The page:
New York Trip Part 1: If we can make it there, we’ll make it anywhere
I feel like Sinatra’s words couldn’t be more appropriate for today’s blog post—in the most literal sense. When we started our Spring(ish) Break: New York Tour we knew there’d be some hurdles to navigate. Steve chose New York as our spring break destination months ago and we knew that despite the hurdles, there were things working in our favour. Steve’s sister Heather lives in New Jersey, just an hour’s train ride into the city. Steve and I both have been to New York before and we figured we’d be able to pick out some things our kids would enjoy seeing. But still we anticipated a few hiccups and knew with autism there could be something we’d inevitably miss and fail to plan for. Here’s a quick little summary of how it all went down—at least the “getting to New York” part.
1) The infamous 1-94 interstate exits. You know the ones. 55 and 67. The ones that cancelled our Minneapolis State fair trip. The ones that J hovers on panic attack when we drive to his Willmar XC meets. Our flight to New York was out of the Twin Cities which meant we’d have to take 1-94 East and pass those darn exits. Luckily, J’s special ed teacher offered to help us by writing a social story for him specific to our New York trip. She introduced it at the beginning of the week and the first day was rough. He had a rough time processing the news that he’d be going to the cities to fly to New York (I think he was banking on the Winnipeg or Fargo airports). But the next day he recovered quickly. I had everyone talk to him about how awesome he handles those exits for XC (including the track coach—J loves to talk about his bad days and grievances with his coaches). Saturday morning he passed those exits full of anxiety but handled them like a champ.
2) The weather. This was the biggest unexpected hiccup for the adults. After managing (what we thought would be) the biggest hurdle of the trip, we arrived in Minneapolis and killed an hour or so at IKEA (we wanted to get there early because we knew the weather might be bad on our drive down) and headed to the airport only to find out that our flight was cancelled because of the potential blizzard conditions. A BIG INTERRUPTION IN THE ROUTINE/PLAN. If you know autism, it’s all about sticking to the plan. YOU STICK TO THE PLAN NO MATTER WHAT. But to our surprise, J (and W) just rolled with it. They sat in the airport for 30 minutes (typically J has no patience unstructured chunks of time) with their luggage piled around them until Steve could get us a hotel. We hung out at the Mall of America for an hour or so to kill time (we’re really not a mall family, but everyone had a good attitude about it). Then we went back to the hotel and everyone went to bed really early (8 pm early) because we had to get up at 3 am to catch our new flight. And everyone woke up at 3 am without complaining.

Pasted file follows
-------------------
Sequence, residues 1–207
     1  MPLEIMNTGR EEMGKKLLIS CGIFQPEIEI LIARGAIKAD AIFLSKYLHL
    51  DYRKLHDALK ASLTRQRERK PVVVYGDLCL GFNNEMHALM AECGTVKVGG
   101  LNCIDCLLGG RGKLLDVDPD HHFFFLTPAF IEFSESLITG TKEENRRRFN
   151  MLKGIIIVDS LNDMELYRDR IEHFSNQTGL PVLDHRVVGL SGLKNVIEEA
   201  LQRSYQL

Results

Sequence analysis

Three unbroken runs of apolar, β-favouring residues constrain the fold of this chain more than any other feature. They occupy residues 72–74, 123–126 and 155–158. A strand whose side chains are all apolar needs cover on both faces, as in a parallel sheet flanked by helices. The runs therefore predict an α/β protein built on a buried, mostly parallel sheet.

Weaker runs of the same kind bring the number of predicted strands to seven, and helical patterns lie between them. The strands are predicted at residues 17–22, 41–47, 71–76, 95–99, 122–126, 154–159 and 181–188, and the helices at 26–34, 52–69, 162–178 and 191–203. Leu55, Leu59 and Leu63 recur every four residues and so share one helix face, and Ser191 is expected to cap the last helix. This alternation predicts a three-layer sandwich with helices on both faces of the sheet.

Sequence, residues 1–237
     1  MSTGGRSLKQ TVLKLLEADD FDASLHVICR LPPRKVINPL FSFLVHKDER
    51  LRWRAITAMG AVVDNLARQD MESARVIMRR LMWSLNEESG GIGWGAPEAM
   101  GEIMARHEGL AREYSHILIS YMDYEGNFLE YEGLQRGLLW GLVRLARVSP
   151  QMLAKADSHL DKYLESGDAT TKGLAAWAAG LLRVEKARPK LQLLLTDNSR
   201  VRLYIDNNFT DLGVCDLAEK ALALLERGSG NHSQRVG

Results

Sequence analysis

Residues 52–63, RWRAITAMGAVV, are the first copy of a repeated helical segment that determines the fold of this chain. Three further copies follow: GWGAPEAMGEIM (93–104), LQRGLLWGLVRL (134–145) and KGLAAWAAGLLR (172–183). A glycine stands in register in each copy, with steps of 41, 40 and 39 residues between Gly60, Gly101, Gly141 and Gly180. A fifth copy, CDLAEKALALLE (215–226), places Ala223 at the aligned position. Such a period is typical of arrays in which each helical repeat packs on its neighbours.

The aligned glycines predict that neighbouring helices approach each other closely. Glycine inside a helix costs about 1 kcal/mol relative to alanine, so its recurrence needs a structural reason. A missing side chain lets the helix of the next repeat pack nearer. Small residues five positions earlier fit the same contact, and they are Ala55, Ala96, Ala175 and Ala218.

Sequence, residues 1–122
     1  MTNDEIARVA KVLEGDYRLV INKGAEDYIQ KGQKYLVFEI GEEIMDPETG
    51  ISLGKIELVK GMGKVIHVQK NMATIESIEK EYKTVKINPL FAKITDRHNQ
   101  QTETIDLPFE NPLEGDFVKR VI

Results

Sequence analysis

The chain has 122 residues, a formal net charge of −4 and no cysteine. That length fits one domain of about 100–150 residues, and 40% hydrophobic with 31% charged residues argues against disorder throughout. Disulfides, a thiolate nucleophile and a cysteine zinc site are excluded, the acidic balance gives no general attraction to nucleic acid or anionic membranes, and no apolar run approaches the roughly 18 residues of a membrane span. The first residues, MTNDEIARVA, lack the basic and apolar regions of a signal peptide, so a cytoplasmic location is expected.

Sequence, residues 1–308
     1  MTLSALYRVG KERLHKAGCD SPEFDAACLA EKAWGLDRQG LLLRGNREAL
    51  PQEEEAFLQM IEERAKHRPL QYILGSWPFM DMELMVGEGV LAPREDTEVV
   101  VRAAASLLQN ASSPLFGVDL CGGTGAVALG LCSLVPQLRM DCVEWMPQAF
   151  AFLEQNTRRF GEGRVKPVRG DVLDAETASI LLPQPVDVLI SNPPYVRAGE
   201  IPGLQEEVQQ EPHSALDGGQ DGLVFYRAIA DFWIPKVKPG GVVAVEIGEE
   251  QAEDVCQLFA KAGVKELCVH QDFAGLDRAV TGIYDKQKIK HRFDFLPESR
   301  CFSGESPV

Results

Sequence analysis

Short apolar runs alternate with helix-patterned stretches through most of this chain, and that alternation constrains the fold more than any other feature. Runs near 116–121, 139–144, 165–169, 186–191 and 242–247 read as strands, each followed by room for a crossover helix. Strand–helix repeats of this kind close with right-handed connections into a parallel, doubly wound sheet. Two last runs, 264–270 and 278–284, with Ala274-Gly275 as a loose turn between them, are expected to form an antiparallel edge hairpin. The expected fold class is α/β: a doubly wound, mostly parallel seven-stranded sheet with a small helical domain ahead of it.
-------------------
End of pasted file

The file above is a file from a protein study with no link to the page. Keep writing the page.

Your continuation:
3) Daylight saving. It was only about 2 weeks ago that Steve and I realized that we would be arriving in New Jersey the day of daylight saving. I think most of us agree that daylight saving is dreadful—especially when we have to jump forward and lose an hour of sleep. But historically, in this house, daylight saving can be a nightmare. That one little hour of sleep (gained or lost) can throw J off for a week or two. And since there was absolutely nothing we could do about it, Steve and I decided we’d just have to see how it all played out.
So with our flight delayed almost 12 hours, sleeping in a hotel, getting up at 3 am, and losing not one, but 2 hours (one to Eastern time, the other sacrificed to the god of daylight saving) our internal clocks were so confused. And it didn’t matter. Maybe it was all the serial disruption to time and plans that did the trick, but for J, probably for the first time ever, daylight saving had no effect on him.
4) Barely making our connection. Because of the weather conditions, we were delayed on the tarmac for our 6 am flight for an hour and a half. Once again, I thought this would be the end for J (When he was in grade one we travelled to Disneyland and were delayed on the tarmac for 30 min to de-ice the plane. Panicked to be on a plane and strapped in a seat and not going anywhere he let out the biggest, blood-curdling scream and I was sure we were going to be kicked off the flight) but once again, J was able to handle his stress. He just plugged into his ipod and waited patiently. Maturity? Experience on planes? Both? I’m just glad he handled it. They were holding our plane when we got to Boston and we had to run like crazy to the other side of the terminal to make our flight. Since I was in the very back of the plane and last to get off, Steve had to run ahead with the kids. The kids boarded on their own so Steve could make sure they held the gate open until I could get there. It was nuts.
5) We finally had some downtime after the whole travel ordeal. We finally made it to New Jersey and Heather’s family took us to Liberty State Park so we could check out the New York city skyline. It was foggy but it was absolutely wonderful to have finally ARRIVED and be able to walk around and enjoy being at our destination.
So yes, getting to New York was kind of a thing. Rough enough when you don’t have autism. Even more rough when you do. But somehow–and I really don’t know how–J managed to handle his emotions and anxiety through the whole thing. Panic attack triggers, schedule disruptions, lack of sleep, and more. He did it.
He even made it through two days in New York city (including our family getting separated at Grand Central Station) but I’ll get to that part next week.